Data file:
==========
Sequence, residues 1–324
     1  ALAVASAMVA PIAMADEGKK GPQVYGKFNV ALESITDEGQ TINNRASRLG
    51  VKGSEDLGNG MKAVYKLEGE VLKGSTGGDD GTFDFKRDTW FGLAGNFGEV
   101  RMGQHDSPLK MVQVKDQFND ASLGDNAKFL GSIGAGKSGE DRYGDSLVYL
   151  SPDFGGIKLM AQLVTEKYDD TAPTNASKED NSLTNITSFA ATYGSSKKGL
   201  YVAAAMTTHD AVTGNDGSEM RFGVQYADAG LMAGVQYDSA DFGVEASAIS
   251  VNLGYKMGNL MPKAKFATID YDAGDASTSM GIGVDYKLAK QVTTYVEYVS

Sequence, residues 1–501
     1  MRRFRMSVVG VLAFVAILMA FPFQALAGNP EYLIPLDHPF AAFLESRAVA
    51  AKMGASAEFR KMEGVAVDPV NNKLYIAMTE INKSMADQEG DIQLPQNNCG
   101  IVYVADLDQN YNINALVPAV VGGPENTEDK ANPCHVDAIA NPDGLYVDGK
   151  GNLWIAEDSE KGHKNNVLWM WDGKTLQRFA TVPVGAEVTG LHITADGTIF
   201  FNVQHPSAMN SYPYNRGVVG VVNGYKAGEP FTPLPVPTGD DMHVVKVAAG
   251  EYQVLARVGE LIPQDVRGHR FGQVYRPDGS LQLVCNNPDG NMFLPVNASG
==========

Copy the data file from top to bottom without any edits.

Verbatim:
Sequence, residues 1–324
     1  ALAVASAMVA PIAMADEGKK GPQVYGKFNV ALESITDEGQ TINNRASRLG
    51  VKGSEDLGNG MKAVYKLEGE VLKGSTGGDD GTFDFKRDTW FGLAGNFGEV
   101  RMGQHDSPLK MVQVKDQFND ASLGDNAKFL GSIGAGKSGE DRYGDSLVYL
   151  SPDFGGIKLM AQLVTEKYDD TAPTNASKED NSLTNITSFA ATYGSSKKGL
   201  YVAAAMTTHD AVTGNDGSEM RFGVQYADAG LMAGVQYDSA DFGVEASAIS
   251  VNLGYKMGNL MPKAKFATID YDAGDASTSM GIGVDYKLAK QVTTYVEYVS

Sequence, residues 1–501
     1  MRRFRMSVVG VLAFVAILMA FPFQALAGNP EYLIPLDHPF AAFLESRAVA
    51  AKMGASAEFR KMEGVAVDPV NNKLYIAMTE INKSMADQEG DIQLPQNNCG
   101  IVYVADLDQN YNINALVPAV VGGPENTEDK ANPCHVDAIA NPDGLYVDGK
   151  GNLWIAEDSE KGHKNNVLWM WDGKTLQRFA TVPVGAEVTG LHITADGTIF
   201  FNVQHPSAMN SYPYNRGVVG VVNGYKAGEP FTPLPVPTGD DMHVVKVAAG
   251  EYQVLARVGE LIPQDVRGHR FGQVYRPDGS LQLVCNNPDG NMFLPVNASG